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City Voice: Waterfront reserve gains momentum

By Simon Collins

PROPOSALS to make Wellington's waterfront a reserve are now vying with scaled-down development schemes, after the city council bowed to public opinion this week and agreed to review its building plans.

The council voted 13_4 to extend the closing date for submissions on the plan until 7 May to allow time to review the submissions that have come in already and to survey public opinion.

It voted 16_1 to develop a "People's Waterfront Charter" stating that at least 70% of the waterfront will be "open to the sky", and that "the primary use of the waterfront shall be quality recreational space".

By a narrower 9_8 margin, councillors voted against any new buildings on Frank Kitts Park.

Wadestown's Pauline Swann, who co-presented a petition signed by 11,233 people expressing concern at the number of buildings proposed on the waterfront, said: "People power has slightly worked, for a change!"

Crs Mary Varnham and Judy Siers, who moved a resolution to withdraw the current waterfront plan completely, said the plan - District Plan "Variation 17" - was "dead".

They believe the council majority voted to keep the plan in amended form merely to save face before its eventual burial.

Mayor Mark Blumsky said: "Variation 17 will be changed. It will still have the same name but the contents will be different."

The council's dramatic concessions came just two weeks after Deputy Mayor Kerry Prendergast, asked if the council was willing to compromise its plan, said: "Absolutely not!"

In the interim, 2000 people packed the Town Hall on 1 Feb to oppose the plan, and more than 2400 people sent in submissions against it by the original closing date of 7 Feb.

The margin on the council against building on Frank Kitts Park now seems secure.

Two members of Blumsky's Wellington Alive team, John Morrison and Rob Goulden, and one member of his Labour coalition partner, Alick Shaw, joined the nine-strong majority opposing a building on the park.

In the surprise of the night, Morrison said he thought about the issue alone in a "tin shed" in the Wairarapa over the weekend and decided that the whole Variation 17 was "abhorrent".

Last week, he said, he had assured his adult daughter that there was nothing to worry about in the waterfront plan because the planned buildings were not all going to go up "next week".

"She said, `You selfish bastard - what about me and my kids?'" Morrison said. "I thought, `She's right!'"

Morrison said he was elected to represent the people, not merely to make decisions for them. When he asked people about Variation 17, 100% of them were against it.

"In fact Variation 17, in view of its importance, avoided proper process, and for that reason it is wrong and it is corrupt."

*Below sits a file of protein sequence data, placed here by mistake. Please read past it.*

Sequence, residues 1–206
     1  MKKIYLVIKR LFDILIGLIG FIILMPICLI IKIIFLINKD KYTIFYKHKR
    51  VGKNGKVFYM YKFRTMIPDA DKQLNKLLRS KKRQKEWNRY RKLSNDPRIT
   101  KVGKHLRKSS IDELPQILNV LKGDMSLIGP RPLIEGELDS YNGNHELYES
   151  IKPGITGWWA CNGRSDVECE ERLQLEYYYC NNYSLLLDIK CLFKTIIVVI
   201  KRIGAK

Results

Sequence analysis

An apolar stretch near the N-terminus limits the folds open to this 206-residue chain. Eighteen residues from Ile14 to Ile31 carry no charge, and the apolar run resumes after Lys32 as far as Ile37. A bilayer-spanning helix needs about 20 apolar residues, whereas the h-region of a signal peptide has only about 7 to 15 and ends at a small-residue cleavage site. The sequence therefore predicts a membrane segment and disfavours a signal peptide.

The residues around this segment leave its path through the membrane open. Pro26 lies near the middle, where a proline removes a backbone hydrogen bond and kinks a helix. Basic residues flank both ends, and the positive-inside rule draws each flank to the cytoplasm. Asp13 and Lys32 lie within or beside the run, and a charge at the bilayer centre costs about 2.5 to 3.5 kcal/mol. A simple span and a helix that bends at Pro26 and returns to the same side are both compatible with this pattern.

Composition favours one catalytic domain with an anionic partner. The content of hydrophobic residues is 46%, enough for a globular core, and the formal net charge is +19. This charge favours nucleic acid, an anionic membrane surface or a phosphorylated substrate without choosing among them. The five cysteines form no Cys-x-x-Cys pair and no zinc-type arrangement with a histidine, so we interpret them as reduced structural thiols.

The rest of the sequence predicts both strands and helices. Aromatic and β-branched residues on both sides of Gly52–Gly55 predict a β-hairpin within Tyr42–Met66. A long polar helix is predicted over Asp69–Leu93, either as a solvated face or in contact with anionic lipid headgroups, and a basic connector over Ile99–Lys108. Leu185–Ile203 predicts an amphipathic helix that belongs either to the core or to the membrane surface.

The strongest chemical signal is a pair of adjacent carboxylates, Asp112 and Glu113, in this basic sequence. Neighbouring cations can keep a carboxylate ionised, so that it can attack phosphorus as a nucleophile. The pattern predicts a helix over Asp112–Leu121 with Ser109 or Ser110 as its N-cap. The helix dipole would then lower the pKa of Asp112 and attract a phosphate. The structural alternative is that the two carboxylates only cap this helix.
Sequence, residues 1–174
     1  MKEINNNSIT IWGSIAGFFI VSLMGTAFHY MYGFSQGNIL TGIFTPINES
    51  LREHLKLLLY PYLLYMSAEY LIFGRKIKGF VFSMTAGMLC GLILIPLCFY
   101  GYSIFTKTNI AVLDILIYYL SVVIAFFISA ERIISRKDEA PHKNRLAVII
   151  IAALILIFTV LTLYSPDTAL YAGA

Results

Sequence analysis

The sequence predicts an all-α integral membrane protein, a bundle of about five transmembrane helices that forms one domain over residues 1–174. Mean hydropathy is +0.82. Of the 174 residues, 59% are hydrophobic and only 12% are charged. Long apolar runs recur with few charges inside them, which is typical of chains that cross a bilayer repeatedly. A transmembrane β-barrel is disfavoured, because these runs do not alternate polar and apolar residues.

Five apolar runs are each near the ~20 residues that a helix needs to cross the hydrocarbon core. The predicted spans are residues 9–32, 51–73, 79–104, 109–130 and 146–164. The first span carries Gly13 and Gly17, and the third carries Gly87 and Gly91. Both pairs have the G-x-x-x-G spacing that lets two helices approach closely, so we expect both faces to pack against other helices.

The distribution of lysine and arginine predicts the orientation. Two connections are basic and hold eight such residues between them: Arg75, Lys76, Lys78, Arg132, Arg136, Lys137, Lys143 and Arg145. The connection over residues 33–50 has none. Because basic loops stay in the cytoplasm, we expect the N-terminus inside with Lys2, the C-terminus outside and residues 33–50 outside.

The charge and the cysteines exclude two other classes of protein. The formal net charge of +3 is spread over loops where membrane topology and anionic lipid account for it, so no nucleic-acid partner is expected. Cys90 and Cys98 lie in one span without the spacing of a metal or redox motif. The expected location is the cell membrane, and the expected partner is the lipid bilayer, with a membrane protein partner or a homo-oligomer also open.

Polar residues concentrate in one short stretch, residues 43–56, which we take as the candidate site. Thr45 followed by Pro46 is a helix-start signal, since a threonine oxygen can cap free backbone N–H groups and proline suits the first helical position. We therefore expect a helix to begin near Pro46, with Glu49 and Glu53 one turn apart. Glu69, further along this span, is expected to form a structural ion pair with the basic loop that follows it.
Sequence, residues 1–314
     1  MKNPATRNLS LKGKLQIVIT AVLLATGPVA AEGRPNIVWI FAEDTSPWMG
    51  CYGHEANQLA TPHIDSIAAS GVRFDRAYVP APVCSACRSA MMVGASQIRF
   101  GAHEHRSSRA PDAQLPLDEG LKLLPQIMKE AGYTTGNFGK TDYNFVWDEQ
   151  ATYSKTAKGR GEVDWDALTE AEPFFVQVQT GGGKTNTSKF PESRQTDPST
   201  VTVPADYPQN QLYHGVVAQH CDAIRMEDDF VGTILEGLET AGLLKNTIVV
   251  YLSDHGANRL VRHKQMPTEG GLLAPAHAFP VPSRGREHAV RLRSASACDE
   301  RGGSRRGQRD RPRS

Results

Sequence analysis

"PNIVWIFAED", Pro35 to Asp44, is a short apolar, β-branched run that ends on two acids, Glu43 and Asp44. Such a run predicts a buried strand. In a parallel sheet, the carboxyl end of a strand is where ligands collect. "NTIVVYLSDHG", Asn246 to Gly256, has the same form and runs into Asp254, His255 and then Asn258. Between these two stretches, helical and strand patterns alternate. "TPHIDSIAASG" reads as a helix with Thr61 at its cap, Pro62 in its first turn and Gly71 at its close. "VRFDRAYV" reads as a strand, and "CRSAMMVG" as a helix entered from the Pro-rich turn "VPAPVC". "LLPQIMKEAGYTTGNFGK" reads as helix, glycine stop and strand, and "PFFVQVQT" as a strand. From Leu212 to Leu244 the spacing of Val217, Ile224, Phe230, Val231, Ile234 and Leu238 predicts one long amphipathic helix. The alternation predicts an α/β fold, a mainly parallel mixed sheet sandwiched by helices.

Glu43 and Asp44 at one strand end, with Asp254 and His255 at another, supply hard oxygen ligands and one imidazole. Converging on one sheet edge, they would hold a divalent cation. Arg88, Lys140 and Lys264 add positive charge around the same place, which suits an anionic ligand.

In addition, three of the eight councillors who voted against deleting buildings from Frank Kitts Park - Ian Hutchings and Allan Johnston (Wellington Alive) and Leonie Gill (Labour) - said they personally opposed building on the park but felt the council should read the public submissions before deciding on the issue.

Since most submissions are expected to be against building on the park, at least these three councillors are likely to join the majority against the building.

Another Wellington Alive councillor, Chris Parkin, said he had "reservations about the number and size of buildings" being proposed on the waterfront generally.

Allan Johnston said before the meeting that he personally opposed the two 10-storey buildings planned for the Taranaki Wharf entrance, the canal that would cut off the Herd St Post Office building from Chaffers Park, and the proposal to remove the "sails" from Queens Wharf Square to make room for a hotel on the wharf.

It therefore seems likely that, if public opinion surveys bear out their reservations, a majority of councillors will accept further concessions, such as reducing the number of buildings on Chaffers.

However, it is also clear that the Wellington Alive_Labour group except for Morrison still want "mixed" development on the waterfront. Blumsky's draft charter would provide 30% of the space for "a diverse range of activities, including eating, drinking, playing, learning, working and living".

Only four councillors - Stephanie Cook, Helene Ritchie, Judy Siers and Mary Varnham - voted to vest the whole Lambton Harbour area as a reserve immediately.

A further two - John Morrison and Bryan Pepperell - voted to "investigate the possibility" of making it a reserve.

Those opposed to this motion were: Blumsky, Robert Armstrong, Andy Foster, Gill, Ruth Gotlieb, Goulden, Hutchings, Johnston, Parkin, Sue Piper, Prendergast and Shaw.

Associate Environment Minister Phillida Bunkle told the meeting that the council could designate the waterfront either a `recreation reserve' or a `local purposes reserve'. "Public amenities" could still be built in either case, and existing buildings could stay.

Mary Varnham said: "Just as our forefathers vested the town belt and Botanical Gardens for protection so politicians like us couldn't get our hands on them and start making money out of them, so the best thing we can do is vest [the waterfront] as reserve."

However, the majority of councillors are unlikely to change their minds unless there is overwhelming support for a reserve in submissions and in the proposed public opinion survey.

(c) City Voice Newspaper - see

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